Improvements in small power generating technology have begun to make hydro electric power look an increasingly attractive option for relatively small-scale projects.
Like the more familiar large hydro electric power plants which have been in operation for many years around the world, small scale systems use moving water to drive a turbine, which then generates electricity.
However, unlike its big relatives, which often have a major impact on the local environment by building dams and large diversion works, there is almost no interference to the waterway needed for small hydro electric power schemes, making the whole idea far more eco-friendly.
How Does It Work?
The basic principle is remarkably simple and well-known – water diverted from a river or stream flows through the turbine, turning it – and it then turns a generator to generate electricity. Aside of the efficiency of the generator itself, how much power can be produced depends on how far the water falls – called the “head” – how quickly it flows and its volume.
According to the Low Carbon Buildings Programme – a scheme which offers grant support for a range of renewable and micro-generation technologies – even a small stream can produce useful amounts of power. The likely output ranges from a few hundred watts for domestic schemes, to a minimum of 25kW for larger projects.
Advantages of Hydro Electric Power
Small-scale hydro electric power can claim to be one of the most reliable and cost-effective ways to generate clean electricity and offers a few advantages over wind, wave and solar photovoltaic approaches.
It has the best energy efficiency, typically between 70 and 90 per cent and has a high capacity factor – a measure of how much electricity it actually does produce compared with its maximum possible output. This is an important consideration for renewable energy, since there are time when although a system could produce electricity, there is nothing to drive it.
With water flow relatively constant and predictable, small-scale hydro electric power has a capacity factor of around 50 per cent, compared with 15 to 20 per cent for solar, and around 30 per cent for wind – which both rely on energy sources which can vary from minute to minute. The necessary equipment itself also has a relatively long lifespan and is generally robust in use.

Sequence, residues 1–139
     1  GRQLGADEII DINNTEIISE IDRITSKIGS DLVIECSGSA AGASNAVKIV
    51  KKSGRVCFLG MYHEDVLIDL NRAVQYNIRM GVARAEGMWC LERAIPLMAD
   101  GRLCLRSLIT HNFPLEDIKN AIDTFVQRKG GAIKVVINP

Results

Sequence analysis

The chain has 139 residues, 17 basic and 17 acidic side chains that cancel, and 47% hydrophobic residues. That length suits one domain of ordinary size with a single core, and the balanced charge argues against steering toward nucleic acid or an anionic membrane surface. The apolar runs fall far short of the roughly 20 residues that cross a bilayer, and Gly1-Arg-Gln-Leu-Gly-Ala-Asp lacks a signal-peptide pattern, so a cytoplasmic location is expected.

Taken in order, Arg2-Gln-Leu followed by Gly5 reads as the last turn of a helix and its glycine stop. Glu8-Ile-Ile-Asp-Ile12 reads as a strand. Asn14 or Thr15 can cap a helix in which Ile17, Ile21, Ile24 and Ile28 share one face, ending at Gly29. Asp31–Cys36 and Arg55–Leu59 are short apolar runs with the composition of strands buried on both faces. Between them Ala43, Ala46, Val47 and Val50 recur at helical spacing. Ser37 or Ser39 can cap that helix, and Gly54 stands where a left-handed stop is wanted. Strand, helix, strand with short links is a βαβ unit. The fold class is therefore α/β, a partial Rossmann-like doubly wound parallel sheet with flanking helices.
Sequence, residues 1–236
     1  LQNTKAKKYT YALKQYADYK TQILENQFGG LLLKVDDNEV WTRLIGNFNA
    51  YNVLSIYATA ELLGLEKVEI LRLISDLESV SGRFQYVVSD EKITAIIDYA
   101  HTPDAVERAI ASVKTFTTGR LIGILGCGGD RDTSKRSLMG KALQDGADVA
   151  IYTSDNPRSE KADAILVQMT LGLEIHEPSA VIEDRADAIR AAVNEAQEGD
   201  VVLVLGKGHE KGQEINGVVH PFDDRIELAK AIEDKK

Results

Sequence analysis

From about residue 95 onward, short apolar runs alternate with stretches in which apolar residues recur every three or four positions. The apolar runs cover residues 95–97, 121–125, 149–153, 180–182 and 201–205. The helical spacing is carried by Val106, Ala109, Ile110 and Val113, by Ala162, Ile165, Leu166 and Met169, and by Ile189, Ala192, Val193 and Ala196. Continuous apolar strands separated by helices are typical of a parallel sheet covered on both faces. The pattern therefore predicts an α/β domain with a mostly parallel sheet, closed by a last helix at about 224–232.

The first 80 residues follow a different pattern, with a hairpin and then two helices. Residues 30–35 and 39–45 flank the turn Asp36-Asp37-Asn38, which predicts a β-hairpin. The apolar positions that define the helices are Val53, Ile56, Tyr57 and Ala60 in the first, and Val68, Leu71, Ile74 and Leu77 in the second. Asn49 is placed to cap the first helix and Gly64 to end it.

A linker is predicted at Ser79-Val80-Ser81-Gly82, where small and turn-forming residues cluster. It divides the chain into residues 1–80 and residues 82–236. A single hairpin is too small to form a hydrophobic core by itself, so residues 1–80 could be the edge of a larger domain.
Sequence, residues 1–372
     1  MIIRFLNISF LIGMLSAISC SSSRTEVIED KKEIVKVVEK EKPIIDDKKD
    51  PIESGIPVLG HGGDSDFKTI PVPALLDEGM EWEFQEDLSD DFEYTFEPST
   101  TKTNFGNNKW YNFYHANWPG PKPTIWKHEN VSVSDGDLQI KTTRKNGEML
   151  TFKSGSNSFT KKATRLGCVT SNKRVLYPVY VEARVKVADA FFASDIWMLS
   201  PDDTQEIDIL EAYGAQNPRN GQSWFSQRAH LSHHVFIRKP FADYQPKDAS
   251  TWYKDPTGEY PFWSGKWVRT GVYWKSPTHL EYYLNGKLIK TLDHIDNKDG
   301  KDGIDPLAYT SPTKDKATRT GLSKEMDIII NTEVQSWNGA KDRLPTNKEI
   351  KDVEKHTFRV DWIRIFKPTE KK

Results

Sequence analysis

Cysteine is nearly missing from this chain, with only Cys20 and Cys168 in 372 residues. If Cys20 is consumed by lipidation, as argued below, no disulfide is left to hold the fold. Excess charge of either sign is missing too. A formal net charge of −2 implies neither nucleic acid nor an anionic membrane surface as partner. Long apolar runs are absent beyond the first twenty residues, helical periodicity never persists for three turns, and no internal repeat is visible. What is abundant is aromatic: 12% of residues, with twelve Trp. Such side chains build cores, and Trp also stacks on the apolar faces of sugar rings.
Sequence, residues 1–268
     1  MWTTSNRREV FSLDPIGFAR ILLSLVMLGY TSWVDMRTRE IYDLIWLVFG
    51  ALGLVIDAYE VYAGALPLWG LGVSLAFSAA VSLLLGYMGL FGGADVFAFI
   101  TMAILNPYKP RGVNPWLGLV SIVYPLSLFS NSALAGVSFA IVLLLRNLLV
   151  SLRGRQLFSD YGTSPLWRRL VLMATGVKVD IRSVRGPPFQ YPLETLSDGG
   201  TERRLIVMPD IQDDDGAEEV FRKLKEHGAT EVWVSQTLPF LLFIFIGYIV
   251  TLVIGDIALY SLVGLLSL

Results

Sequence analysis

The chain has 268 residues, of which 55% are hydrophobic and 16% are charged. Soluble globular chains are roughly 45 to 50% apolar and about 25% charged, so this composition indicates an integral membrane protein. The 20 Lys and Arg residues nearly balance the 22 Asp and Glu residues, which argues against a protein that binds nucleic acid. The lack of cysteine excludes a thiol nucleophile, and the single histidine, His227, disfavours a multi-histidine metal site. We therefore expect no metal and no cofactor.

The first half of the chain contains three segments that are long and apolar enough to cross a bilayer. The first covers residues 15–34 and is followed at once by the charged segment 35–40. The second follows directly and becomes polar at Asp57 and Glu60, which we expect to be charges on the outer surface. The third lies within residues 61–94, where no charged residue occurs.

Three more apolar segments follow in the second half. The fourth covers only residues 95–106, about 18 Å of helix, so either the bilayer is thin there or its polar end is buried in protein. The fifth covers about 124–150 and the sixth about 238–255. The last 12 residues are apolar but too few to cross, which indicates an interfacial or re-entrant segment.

For areas with a good available water resource, community hydro electric projects can be a real possibility. However, it is important to remember that the capital costs are high and this approach to generation is only really appropriate if there is a suitable site close to where the power is going to be used or alternatively near to a grid connection.
On the plus-side, once everything is in place, the energy is effectively free and if the site is connected to the grid rather than providing stand-alone power, it can be possible to sell any surplus generated to the electricity supply company.
Never-the-less, taking on a hydro electric project on this sort of scale is likely to demand a considerable amount of time and effort from everyone involved – although the results can be well worth it in the long run. Fortunately Britain is home to a number of good manufacturers and experienced consultants, so there are plenty of people to turn to for sound advice along the way.
Obviously, any project will need to obtain a series of approvals and permissions before it can go ahead, so there are a range of people who will need to be consulted right from the outset.
These include the relevant local authority planning department, the Environment Agency (in England and Wales) or SEPA (in Scotland), the appropriate statutory environmental body – Natural England/Scottish Natural Heritage/ Countryside Commission for Wales – and any local fishing organisations. Depending on the site ownership, it might be necessary to include the land-owner and your regional electricity company too, if you’re looking to make a grid connection.
The costs of installing a small-scale hydro electric power scheme are highly dependent on the site, but according to UK Energy Saving, as a general guide you need to allow £4000 per kW up to 10kW with the per KW price becoming proportionally less for larger projects.
Despite the high initial cost and the work involved in steering the project to fruition, once installed, the latest generation of hydro electric micro-turbines offer the promise of clean, green energy for free. With conventional electric prices rising year-on-year, small wonder that this approach is beginning to look attractive.